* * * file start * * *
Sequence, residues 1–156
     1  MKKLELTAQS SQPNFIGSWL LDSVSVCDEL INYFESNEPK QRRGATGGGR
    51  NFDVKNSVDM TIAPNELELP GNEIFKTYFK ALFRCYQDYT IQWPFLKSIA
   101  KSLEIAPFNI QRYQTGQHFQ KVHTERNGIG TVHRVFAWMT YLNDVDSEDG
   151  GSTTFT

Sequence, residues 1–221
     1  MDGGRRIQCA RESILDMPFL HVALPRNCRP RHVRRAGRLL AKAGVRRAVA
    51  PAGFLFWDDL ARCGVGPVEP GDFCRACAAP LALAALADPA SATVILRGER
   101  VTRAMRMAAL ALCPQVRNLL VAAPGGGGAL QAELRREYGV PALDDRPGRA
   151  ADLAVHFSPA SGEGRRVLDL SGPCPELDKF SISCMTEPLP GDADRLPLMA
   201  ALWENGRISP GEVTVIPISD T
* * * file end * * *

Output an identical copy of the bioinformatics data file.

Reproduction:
Sequence, residues 1–156
     1  MKKLELTAQS SQPNFIGSWL LDSVSVCDEL INYFESNEPK QRRGATGGGR
    51  NFDVKNSVDM TIAPNELELP GNEIFKTYFK ALFRCYQDYT IQWPFLKSIA
   101  KSLEIAPFNI QRYQTGQHFQ KVHTERNGIG TVHRVFAWMT YLNDVDSEDG
   151  GSTTFT

Sequence, residues 1–221
     1  MDGGRRIQCA RESILDMPFL HVALPRNCRP RHVRRAGRLL AKAGVRRAVA
    51  PAGFLFWDDL ARCGVGPVEP GDFCRACAAP LALAALADPA SATVILRGER
   101  VTRAMRMAAL ALCPQVRNLL VAAPGGGGAL QAELRREYGV PALDDRPGRA
   151  ADLAVHFSPA SGEGRRVLDL SGPCPELDKF SISCMTEPLP GDADRLPLMA
   201  ALWENGRISP GEVTVIPISD T